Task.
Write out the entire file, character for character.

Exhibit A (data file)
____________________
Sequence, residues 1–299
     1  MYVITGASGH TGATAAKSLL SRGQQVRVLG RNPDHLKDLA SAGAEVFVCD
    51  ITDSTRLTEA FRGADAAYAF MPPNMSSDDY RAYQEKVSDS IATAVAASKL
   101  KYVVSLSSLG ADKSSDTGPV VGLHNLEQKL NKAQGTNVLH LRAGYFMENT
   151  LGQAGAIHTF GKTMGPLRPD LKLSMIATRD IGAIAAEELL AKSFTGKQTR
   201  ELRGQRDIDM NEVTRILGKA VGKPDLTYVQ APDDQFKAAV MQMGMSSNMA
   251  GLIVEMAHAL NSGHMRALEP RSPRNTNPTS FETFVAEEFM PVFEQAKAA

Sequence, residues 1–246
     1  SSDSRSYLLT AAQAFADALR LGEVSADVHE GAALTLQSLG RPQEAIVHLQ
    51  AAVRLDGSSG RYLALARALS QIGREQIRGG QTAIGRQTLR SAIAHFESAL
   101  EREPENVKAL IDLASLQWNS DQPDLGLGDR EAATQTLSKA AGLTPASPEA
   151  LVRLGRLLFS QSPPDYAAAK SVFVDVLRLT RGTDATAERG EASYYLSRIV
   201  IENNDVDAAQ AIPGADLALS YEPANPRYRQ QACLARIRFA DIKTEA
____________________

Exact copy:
Sequence, residues 1–299
     1  MYVITGASGH TGATAAKSLL SRGQQVRVLG RNPDHLKDLA SAGAEVFVCD
    51  ITDSTRLTEA FRGADAAYAF MPPNMSSDDY RAYQEKVSDS IATAVAASKL
   101  KYVVSLSSLG ADKSSDTGPV VGLHNLEQKL NKAQGTNVLH LRAGYFMENT
   151  LGQAGAIHTF GKTMGPLRPD LKLSMIATRD IGAIAAEELL AKSFTGKQTR
   201  ELRGQRDIDM NEVTRILGKA VGKPDLTYVQ APDDQFKAAV MQMGMSSNMA
   251  GLIVEMAHAL NSGHMRALEP RSPRNTNPTS FETFVAEEFM PVFEQAKAA

Sequence, residues 1–246
     1  SSDSRSYLLT AAQAFADALR LGEVSADVHE GAALTLQSLG RPQEAIVHLQ
    51  AAVRLDGSSG RYLALARALS QIGREQIRGG QTAIGRQTLR SAIAHFESAL
   101  EREPENVKAL IDLASLQWNS DQPDLGLGDR EAATQTLSKA AGLTPASPEA
   151  LVRLGRLLFS QSPPDYAAAK SVFVDVLRLT RGTDATAERG EASYYLSRIV
   201  IENNDVDAAQ AIPGADLALS YEPANPRYRQ QACLARIRFA DIKTEA